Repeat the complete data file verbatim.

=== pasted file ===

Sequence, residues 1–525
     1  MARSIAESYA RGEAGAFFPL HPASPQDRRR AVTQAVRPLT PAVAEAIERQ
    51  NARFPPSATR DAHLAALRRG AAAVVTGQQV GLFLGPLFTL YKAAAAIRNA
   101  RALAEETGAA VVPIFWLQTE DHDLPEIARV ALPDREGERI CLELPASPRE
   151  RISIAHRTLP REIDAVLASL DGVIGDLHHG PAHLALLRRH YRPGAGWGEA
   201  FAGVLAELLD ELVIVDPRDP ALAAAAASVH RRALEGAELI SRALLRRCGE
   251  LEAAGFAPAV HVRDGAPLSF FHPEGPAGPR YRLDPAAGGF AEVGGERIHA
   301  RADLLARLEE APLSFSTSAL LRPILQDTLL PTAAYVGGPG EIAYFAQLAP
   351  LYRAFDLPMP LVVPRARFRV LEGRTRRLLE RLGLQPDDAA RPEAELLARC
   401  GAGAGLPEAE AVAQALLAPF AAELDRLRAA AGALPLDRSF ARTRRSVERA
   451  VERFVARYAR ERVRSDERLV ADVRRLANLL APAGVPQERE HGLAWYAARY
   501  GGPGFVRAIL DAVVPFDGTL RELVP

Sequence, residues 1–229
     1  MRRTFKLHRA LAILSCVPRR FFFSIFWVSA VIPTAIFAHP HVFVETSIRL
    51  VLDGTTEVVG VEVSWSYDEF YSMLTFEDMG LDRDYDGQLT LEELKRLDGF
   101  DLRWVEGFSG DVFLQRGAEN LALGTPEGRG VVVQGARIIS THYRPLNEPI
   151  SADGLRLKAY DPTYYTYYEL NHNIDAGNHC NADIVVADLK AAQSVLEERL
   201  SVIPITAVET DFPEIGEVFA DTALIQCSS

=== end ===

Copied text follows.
Sequence, residues 1–525
     1  MARSIAESYA RGEAGAFFPL HPASPQDRRR AVTQAVRPLT PAVAEAIERQ
    51  NARFPPSATR DAHLAALRRG AAAVVTGQQV GLFLGPLFTL YKAAAAIRNA
   101  RALAEETGAA VVPIFWLQTE DHDLPEIARV ALPDREGERI CLELPASPRE
   151  RISIAHRTLP REIDAVLASL DGVIGDLHHG PAHLALLRRH YRPGAGWGEA
   201  FAGVLAELLD ELVIVDPRDP ALAAAAASVH RRALEGAELI SRALLRRCGE
   251  LEAAGFAPAV HVRDGAPLSF FHPEGPAGPR YRLDPAAGGF AEVGGERIHA
   301  RADLLARLEE APLSFSTSAL LRPILQDTLL PTAAYVGGPG EIAYFAQLAP
   351  LYRAFDLPMP LVVPRARFRV LEGRTRRLLE RLGLQPDDAA RPEAELLARC
   401  GAGAGLPEAE AVAQALLAPF AAELDRLRAA AGALPLDRSF ARTRRSVERA
   451  VERFVARYAR ERVRSDERLV ADVRRLANLL APAGVPQERE HGLAWYAARY
   501  GGPGFVRAIL DAVVPFDGTL RELVP

Sequence, residues 1–229
     1  MRRTFKLHRA LAILSCVPRR FFFSIFWVSA VIPTAIFAHP HVFVETSIRL
    51  VLDGTTEVVG VEVSWSYDEF YSMLTFEDMG LDRDYDGQLT LEELKRLDGF
   101  DLRWVEGFSG DVFLQRGAEN LALGTPEGRG VVVQGARIIS THYRPLNEPI
   151  SADGLRLKAY DPTYYTYYEL NHNIDAGNHC NADIVVADLK AAQSVLEERL
   201  SVIPITAVET DFPEIGEVFA DTALIQCSS